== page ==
| geometric_mean(position) | kind        |
+--------------------------+-------------+
|       2.6321480259049848 | Galaxy      |
|       2.6051710846973517 | Planet      |
|       2.213363839400643  | Star System |
+--------------------------+-------------+
SELECT 3 rows in set (... sec)

variance

The variance aggregation function computes the Variance of the set of non-null values in a column. It is a measure about how far a set of numbers is spread. A variance of 0.0 indicates that all values are the same.

variance is defined on all numeric types and on timestamp. It returns a double value. If all values were null or we got no value at all NULL is returned.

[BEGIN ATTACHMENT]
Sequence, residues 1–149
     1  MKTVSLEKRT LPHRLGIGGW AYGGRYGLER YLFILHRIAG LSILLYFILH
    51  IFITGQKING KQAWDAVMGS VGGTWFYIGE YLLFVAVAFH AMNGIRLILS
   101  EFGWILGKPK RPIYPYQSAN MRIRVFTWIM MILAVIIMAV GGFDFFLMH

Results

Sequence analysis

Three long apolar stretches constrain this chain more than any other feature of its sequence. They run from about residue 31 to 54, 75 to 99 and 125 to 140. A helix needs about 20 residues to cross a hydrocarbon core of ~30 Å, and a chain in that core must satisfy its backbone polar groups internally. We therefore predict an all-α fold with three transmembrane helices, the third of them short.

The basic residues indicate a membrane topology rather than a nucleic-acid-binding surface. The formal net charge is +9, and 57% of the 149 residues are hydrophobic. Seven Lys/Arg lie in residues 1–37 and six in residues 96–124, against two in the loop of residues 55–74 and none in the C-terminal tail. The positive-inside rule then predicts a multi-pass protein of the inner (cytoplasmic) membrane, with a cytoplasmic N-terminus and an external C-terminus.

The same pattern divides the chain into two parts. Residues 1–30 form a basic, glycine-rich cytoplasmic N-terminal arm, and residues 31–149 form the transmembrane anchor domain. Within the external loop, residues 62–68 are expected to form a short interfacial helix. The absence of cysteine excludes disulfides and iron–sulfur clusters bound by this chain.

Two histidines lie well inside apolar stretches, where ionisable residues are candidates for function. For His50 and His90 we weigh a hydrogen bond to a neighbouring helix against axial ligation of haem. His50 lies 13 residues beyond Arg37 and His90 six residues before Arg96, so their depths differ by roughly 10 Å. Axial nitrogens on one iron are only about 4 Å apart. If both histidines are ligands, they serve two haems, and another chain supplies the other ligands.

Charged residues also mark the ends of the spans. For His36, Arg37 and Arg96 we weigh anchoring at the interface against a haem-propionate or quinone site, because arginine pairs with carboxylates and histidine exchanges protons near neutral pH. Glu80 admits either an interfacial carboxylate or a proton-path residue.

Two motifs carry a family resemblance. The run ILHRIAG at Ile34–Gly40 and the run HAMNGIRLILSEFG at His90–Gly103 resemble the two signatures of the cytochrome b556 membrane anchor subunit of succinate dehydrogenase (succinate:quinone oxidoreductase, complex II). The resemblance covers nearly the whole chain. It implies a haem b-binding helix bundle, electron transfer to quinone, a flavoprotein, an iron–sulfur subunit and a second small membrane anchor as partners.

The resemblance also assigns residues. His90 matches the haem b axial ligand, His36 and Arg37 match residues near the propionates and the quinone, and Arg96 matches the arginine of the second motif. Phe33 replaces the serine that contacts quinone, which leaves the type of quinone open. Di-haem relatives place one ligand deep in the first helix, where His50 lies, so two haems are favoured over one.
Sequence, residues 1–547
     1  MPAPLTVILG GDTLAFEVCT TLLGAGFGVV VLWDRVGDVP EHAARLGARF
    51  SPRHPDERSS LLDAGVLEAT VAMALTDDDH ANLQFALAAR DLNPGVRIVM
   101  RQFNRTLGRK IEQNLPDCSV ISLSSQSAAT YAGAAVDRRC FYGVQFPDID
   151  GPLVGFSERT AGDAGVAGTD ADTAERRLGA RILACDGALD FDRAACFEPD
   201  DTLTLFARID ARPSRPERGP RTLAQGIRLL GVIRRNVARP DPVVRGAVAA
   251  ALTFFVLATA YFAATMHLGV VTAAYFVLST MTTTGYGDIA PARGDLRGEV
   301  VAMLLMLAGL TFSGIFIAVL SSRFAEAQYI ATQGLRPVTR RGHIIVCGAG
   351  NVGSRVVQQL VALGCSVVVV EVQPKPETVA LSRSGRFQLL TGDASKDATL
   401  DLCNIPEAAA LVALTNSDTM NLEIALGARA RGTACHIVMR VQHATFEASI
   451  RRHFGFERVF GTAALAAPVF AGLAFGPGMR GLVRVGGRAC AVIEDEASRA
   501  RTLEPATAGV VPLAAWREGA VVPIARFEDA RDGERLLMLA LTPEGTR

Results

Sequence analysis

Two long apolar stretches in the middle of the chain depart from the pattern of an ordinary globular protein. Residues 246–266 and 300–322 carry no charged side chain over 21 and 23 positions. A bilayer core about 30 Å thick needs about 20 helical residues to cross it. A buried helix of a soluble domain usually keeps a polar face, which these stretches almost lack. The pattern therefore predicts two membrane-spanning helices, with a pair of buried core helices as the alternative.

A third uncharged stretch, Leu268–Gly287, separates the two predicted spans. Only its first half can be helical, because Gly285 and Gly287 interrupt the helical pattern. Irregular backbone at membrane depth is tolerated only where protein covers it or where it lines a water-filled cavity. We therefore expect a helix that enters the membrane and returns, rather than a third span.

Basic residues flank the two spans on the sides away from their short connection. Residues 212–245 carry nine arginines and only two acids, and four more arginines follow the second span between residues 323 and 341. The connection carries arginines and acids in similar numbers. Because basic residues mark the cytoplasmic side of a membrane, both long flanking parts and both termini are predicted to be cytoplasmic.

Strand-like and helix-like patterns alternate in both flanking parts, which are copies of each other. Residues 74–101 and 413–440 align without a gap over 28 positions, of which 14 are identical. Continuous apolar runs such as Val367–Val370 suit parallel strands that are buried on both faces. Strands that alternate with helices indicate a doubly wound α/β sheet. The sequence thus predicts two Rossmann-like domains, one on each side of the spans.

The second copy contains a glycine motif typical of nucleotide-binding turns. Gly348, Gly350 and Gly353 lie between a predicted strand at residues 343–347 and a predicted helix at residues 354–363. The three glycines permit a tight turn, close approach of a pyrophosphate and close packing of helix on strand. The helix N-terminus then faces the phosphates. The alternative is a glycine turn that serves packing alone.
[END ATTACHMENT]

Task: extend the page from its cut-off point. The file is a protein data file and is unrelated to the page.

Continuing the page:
Example:

cr> select variance(position), kind from locations
... group by kind order by kind desc;
+--------------------+-------------+
| variance(position) | kind        |
+--------------------+-------------+
|             1.25   | Star System |
|             2.0    | Planet      |
|             3.6875 | Galaxy      |
+--------------------+-------------+
SELECT 3 rows in set (... sec)

Note

Due to java double precision arithmetic it is possible that any two executions of the aggregation function on the same data produce slightly differing results.

stddev

The stddev aggregation function computes the Standard Deviation of the set of non-null values in a column. It is a measure of the variation of data values. A low standard deviation indicates that the values tend to be near the mean.